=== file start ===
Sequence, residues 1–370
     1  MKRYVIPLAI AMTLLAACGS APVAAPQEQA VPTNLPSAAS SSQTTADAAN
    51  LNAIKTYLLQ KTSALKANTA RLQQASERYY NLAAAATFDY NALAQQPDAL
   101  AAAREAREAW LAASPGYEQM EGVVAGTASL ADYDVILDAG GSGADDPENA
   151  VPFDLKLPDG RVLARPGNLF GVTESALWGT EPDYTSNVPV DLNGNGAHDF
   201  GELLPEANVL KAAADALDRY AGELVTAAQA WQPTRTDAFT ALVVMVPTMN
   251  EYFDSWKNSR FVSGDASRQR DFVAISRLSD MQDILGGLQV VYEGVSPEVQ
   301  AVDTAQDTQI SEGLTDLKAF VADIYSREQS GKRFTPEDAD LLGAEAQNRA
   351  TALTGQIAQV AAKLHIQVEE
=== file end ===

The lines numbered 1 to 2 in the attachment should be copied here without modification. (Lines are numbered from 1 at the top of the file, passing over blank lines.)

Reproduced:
Sequence, residues 1–370
     1  MKRYVIPLAI AMTLLAACGS APVAAPQEQA VPTNLPSAAS SSQTTADAAN